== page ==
The present study was undertaken to evaluate whether the rate of incident chronic opioid use is higher in obese patients with rheumatoid arthritis (RA).
Participants with RA in the FORWARD databank were asked about their use of weak and strong opioid medications on semiannual surveys. Incident chronic opioid use was defined as new reported use extending over 2 contiguous surveys (~7–12 months). Cox proportional hazards models were used to evaluate associations between body mass index (BMI) at enrollment and incident chronic opioid use (overall use and strong opioid use). Models adjusted for demographics, smoking, disease duration, RA treatments, household income, and education level. The predicted 5-year cumulative incidence was calculated from Cox models.
Among 19,794 participants, 2,802 experienced an incident episode of chronic opioid use over 93,254 person-years of follow-up. Higher BMI was associated with higher risk of chronic opioid use. Severe obesity (BMI >35 kg/m2) was associated with a higher risk of overall use (adjusted hazard ratio [HRadj] 1.74 [95% confidence interval (95% CI) 1.72–2.04], P < 0.0001) and strong opioid use (HRadj 2.11 [95% CI 1.64–2.71], P < 0.001) compared to normal BMI. This association was partially explained by greater comorbidity, pain, and disability in obese groups. The attributable risk for obesity was 15% of overall opioid use and 24% of strong opioid use.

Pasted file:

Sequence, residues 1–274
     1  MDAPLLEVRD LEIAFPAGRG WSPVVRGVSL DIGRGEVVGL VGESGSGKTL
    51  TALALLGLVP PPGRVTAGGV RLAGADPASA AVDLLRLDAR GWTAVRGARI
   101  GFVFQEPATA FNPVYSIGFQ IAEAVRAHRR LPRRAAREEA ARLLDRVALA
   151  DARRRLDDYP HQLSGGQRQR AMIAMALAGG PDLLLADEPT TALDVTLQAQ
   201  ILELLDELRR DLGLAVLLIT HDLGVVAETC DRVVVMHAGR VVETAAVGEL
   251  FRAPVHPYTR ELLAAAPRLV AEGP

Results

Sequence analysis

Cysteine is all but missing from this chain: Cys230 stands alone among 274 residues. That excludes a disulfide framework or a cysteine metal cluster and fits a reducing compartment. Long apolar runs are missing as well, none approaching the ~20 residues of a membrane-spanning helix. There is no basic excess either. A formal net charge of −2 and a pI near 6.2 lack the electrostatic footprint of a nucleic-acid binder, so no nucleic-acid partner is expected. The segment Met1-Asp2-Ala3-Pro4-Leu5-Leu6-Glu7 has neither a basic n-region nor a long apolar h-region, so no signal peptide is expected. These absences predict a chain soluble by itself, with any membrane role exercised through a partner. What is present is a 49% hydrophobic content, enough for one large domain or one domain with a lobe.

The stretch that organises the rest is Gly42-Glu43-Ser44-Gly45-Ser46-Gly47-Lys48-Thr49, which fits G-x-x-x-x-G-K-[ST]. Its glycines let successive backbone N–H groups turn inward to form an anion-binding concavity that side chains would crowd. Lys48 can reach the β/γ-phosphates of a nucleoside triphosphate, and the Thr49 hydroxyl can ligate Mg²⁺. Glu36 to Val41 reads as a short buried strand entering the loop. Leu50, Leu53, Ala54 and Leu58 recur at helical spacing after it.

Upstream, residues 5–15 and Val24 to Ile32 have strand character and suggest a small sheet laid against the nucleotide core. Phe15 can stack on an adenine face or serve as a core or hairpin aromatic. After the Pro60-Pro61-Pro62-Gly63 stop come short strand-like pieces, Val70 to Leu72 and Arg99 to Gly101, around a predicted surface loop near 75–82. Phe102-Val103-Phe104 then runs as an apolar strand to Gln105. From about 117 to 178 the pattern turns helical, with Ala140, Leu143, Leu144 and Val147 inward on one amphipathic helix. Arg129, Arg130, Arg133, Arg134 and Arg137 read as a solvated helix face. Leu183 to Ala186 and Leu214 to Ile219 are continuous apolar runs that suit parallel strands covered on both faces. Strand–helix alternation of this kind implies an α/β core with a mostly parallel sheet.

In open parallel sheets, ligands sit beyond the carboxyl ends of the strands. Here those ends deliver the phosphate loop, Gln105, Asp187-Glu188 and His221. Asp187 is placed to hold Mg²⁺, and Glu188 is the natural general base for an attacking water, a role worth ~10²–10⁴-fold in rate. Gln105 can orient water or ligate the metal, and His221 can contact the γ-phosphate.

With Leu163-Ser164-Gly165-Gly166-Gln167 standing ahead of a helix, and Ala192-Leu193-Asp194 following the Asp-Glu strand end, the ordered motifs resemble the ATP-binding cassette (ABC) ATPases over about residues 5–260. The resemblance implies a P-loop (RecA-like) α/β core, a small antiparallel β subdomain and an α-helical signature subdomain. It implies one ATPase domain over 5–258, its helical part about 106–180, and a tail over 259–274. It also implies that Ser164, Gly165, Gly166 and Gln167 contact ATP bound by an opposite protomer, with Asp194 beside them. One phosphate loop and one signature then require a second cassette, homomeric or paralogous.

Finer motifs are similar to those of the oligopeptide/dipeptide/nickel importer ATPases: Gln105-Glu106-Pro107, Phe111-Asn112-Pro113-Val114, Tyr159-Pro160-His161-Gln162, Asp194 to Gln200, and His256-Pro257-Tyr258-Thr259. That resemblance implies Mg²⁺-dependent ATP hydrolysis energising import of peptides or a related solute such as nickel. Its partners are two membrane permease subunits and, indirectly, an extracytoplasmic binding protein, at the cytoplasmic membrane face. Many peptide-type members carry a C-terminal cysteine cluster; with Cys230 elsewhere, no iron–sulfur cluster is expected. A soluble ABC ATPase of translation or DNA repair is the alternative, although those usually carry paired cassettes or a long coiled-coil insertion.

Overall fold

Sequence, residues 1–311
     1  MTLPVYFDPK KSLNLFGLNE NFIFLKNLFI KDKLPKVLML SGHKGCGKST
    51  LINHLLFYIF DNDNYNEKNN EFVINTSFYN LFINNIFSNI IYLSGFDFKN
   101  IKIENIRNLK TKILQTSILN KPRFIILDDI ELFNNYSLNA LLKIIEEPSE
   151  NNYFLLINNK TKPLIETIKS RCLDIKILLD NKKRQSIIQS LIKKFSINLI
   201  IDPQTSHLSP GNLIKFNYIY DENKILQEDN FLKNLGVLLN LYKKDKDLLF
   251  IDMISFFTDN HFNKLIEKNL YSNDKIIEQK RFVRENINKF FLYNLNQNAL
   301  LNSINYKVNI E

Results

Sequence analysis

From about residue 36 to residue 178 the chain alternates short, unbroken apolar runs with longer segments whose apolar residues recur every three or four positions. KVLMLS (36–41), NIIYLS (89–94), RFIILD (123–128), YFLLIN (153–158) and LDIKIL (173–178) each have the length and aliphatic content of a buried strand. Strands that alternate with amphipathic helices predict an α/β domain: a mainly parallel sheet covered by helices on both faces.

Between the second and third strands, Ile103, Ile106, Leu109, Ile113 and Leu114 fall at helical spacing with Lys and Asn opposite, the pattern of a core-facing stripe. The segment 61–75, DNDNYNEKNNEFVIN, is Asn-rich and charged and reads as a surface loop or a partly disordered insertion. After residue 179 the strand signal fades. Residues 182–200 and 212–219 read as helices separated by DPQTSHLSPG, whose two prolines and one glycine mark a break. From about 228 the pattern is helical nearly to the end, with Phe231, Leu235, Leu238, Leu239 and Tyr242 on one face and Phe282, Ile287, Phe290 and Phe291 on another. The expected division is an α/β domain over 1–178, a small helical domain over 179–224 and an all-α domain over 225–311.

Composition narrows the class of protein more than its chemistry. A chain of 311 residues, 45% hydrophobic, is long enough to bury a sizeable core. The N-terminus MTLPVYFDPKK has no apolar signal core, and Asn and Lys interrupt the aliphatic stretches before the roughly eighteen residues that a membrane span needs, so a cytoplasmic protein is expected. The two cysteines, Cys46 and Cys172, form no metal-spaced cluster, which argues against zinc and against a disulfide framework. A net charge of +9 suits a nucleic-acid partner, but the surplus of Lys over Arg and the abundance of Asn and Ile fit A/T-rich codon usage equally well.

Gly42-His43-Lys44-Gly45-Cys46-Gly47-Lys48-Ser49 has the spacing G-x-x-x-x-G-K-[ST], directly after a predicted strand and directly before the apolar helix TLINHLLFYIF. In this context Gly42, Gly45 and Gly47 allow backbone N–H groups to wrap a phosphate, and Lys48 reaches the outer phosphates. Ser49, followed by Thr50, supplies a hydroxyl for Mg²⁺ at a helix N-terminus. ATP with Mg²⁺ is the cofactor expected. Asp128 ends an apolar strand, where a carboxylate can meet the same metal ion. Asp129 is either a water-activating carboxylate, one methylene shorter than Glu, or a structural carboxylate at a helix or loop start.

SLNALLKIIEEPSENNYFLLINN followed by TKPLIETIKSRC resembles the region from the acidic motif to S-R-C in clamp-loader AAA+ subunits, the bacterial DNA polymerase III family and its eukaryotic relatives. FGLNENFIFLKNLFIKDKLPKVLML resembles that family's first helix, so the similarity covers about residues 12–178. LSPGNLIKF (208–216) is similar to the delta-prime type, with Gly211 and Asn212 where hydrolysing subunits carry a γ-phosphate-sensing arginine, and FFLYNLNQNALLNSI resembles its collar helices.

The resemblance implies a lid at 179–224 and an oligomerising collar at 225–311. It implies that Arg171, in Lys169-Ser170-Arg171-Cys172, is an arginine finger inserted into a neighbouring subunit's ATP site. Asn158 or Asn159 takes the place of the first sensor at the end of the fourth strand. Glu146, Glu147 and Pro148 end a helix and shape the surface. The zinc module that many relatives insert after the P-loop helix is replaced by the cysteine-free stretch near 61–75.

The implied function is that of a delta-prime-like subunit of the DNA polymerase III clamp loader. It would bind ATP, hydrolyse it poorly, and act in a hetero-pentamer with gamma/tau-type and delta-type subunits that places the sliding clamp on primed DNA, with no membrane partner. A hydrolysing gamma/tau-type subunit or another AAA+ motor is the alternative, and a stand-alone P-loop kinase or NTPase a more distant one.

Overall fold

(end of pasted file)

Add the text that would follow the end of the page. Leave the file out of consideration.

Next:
Obesity is associated with a substantially higher risk of incident chronic opioid use. Approximately 1 in 4 cases of incident use of strong opioids may be attributable to obesity, suggesting a major public health impact. Interventions to prevent or reduce obesity could have an important impact on the use of opioids.